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Chicopee (/ˈtʃɪkəpi/ chik-ə-pee) is a city located on the Connecticut River in Hampden County, Massachusetts, United States of America. It is part of the Springfield, Massachusetts Metropolitan Statistical Area. As of the 2010 census, the city had a total population of 55,298, making it the second largest city in Western Massachusetts after Springfield. The current mayor is Richard Kos. Chicopee uses the nickname “Crossroads of New England” as part of a business-development marketing campaign. The name reflects the city’s convenient location amongst a number of metropolitan areas and its transportation network. Four highways run through its boundaries: I-90, I-91, I-291, and I-391. State routes such as Route 33, 116, and 141, are major providers of regional linkage. The communities of Chicopee Center (Cabotville), Chicopee Falls, Willimansett, Fairview, Smith Highlands, Aldenville, Burnett Road, and Westover are located in the city. The city is named after the Chicopee River, whose mouth empties into the Connecticut River on in its boundaries. “Chicopee” is a Nipmuc word, probably from chekee (“violent”) and pe (“waters”) in most Algonquian dialects, with reference to rapids. The Nipmucs were the indigenous people of the lands that today make up the City of Chicopee, prior to the arrival of European colonists. Alternatively, chikkuppee (“of cedar”) is the adjective form of chickkup (“cedar”). Chicopee is mostly a service economy with a mixture of small, local businesses and national chains. Reflecting the city’s history, many business are Polish-American and include the Chicopee Provision Company, a major producer of Polish sausage kielbasa under the Blue Seal brand, and Millie’s Pierogi, a producer of traditional Polish dumplings called pierogi. Here is a full list of video credits http://broadcaster.beazil.net/public/credits/youtube/videos/129217 JDRF’s research mission is to discover, develop and deliver advances that cure, better treat and prevent type 1 diabetes (T1D). As the global leader in the fight against T1D JDRF’s research programs are comprehensive — addressing the hopes and dreams of every person with T1D for the best quality of life and a cure for this disease.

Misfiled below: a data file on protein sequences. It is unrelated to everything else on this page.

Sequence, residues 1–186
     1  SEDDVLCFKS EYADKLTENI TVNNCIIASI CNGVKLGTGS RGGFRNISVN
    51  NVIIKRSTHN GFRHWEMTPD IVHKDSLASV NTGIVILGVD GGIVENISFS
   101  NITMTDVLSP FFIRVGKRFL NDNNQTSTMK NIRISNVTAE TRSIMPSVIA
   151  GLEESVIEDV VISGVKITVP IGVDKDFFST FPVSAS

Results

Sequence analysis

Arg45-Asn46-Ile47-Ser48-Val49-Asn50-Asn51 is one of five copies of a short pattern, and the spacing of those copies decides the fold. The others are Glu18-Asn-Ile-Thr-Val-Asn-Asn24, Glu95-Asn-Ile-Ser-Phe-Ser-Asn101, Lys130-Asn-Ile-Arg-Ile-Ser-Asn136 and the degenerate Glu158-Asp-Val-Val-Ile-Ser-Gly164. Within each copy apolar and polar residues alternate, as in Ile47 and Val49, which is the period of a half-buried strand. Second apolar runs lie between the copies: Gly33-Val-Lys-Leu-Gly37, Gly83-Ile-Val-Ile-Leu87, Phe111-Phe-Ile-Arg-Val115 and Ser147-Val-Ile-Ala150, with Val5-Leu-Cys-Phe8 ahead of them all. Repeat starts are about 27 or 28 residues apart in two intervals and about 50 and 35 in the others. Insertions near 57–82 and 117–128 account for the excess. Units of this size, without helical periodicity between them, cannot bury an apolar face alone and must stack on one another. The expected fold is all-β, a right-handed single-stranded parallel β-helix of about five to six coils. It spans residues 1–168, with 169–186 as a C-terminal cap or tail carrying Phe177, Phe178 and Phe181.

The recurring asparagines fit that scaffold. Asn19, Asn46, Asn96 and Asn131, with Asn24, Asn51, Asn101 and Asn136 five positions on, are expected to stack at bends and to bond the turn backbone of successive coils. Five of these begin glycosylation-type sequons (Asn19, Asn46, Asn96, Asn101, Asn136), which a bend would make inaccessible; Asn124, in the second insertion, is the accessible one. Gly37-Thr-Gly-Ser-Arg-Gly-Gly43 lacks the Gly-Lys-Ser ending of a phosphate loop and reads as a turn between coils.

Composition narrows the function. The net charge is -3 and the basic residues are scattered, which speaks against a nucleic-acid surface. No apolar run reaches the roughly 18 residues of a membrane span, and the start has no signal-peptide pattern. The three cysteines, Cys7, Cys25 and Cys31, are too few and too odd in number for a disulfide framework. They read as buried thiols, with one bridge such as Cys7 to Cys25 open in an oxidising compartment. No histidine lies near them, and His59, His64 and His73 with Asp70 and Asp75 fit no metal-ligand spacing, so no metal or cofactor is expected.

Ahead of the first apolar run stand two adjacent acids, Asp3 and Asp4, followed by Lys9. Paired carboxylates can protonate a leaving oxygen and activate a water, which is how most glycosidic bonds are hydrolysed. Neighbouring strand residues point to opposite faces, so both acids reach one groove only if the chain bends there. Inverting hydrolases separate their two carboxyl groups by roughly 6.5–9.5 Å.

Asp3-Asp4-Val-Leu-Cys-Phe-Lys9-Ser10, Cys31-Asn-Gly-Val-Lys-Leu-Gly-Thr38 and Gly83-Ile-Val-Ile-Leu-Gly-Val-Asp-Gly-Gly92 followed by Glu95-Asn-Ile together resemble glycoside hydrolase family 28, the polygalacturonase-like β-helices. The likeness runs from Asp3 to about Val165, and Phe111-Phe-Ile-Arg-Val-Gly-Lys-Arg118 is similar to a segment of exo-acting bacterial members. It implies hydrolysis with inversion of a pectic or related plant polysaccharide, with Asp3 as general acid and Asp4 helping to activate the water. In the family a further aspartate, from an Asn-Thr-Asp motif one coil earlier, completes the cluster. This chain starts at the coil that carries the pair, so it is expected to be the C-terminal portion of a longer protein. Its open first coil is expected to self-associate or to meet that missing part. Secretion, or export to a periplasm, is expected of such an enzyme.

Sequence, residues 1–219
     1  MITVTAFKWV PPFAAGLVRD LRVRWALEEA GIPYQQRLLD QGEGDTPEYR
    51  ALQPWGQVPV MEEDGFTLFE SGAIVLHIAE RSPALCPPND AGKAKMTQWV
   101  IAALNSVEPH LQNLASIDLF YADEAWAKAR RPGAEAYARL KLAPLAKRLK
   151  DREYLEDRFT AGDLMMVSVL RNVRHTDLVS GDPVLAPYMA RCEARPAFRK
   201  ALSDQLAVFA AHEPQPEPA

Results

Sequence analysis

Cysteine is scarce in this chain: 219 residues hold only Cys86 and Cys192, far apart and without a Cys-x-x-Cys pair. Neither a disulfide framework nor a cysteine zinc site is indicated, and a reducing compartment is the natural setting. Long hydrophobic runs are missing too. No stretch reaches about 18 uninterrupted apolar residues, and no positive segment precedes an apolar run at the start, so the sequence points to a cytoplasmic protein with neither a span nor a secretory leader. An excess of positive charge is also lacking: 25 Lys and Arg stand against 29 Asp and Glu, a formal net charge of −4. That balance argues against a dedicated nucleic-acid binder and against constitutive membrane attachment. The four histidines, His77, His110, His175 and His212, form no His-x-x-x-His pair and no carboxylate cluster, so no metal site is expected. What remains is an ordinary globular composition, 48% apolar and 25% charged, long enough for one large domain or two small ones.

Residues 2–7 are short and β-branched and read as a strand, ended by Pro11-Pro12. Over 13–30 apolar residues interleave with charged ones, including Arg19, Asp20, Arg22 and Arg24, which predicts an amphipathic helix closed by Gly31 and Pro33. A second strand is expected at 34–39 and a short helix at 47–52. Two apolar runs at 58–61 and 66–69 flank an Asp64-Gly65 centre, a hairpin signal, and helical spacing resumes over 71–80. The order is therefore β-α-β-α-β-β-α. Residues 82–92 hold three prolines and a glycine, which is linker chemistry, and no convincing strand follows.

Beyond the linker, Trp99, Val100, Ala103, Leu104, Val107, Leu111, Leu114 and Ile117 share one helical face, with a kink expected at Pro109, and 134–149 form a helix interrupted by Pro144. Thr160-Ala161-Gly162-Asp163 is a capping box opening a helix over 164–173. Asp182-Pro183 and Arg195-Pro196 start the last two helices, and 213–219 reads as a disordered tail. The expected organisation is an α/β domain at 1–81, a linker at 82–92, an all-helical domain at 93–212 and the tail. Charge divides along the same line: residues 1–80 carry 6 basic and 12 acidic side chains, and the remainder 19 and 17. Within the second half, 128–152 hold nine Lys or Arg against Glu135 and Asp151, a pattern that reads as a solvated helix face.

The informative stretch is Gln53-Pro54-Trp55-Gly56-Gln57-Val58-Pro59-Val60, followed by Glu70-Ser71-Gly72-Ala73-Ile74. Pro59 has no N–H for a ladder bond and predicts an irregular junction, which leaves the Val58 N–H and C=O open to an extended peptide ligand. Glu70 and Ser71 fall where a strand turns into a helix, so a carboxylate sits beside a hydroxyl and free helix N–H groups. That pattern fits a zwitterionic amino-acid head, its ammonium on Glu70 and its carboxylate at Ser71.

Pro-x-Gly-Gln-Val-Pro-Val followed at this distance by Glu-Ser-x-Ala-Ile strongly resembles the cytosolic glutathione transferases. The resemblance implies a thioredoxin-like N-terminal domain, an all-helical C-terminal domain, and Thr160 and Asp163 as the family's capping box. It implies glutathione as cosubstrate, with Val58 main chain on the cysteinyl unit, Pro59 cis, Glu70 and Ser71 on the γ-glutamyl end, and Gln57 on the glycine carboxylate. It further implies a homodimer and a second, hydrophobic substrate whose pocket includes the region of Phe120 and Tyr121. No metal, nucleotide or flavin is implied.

https://jdrf-kentucky.ejoinme.org/gala Alfred Gerriets II sponsor https://issuu.com/southcomm/docs/lnfoc_april16/60 fund for the arts Juvenile Diabetes Indiana John McDonough is the founder of JDRF Beta Society. This Beta Society tries to raise money for JDRF research to find the ultimate cure for T1D. All John’s family, his grandfather was T1D agent and John’s daughter, Alice, is a T1D agent too. JDRF Beta Society is trying to help the research and to find the ultimate solution to fight T1D. JDRF research has a great progress in T1D treatment. Fifty years ago people with T1D even didn’t know their blood sugar level and the daily routine was even harder. John personally knows that T1D treatment has got an enormous progress. T1D people of today may have a lot of beneficial results JDRF research in T1D treatment. You’re the reason for our success. Every dollar we put toward research comes from donations. So when you support JDRF with your time, talent, voice and, yes, your money, you enable us to advance even more research. There are many ways to join the JDRF family, but for 45 years there has been only one reason—because we are the organization that will turn Type One into Type None. Take Action – Don’t be indifferent! Health Care and Social Assistance comprises establishments primarily engaged in providing health care by diagnosis and treatment, providing residential care for medical and social reasons, and providing social assistance, such as counselling, welfare, child protection, community housing and food services, vocational rehabilitation and child care, to those requiring such assistance. Type 1 diabetes (T1D) is an autoimmune disease in which a person’s pancreas stops producing insulin, a hormone people need to get energy from food. T1D strikes both children and adults at any age and suddenly. Its onset has nothing to do with diet or lifestyle. Though T1D’s causes are not yet entirely understood, scientists believe that both genetic factors and environmental triggers play a role. There is currently nothing you can do to prevent it, and there is no cure. Type 1 diabetes strikes both children and adults at any age. It comes on suddenly, causes dependence on injected or pumped insulin for life, and carries the constant threat of devastating complications.
Go to http://jdrf.org/blog/ The main points are – engage, relevant research, uncontrolled hyperglycemia, Chicopee, John McDonough, The Old Colony State, type 1 diabetes, support our research, T1D treatment, US-MA, The Puritan State, help, New England Aquarium, Harvard University, Fenway Park, Massachusetts State House, adult-onset diabetes, Copley Square.

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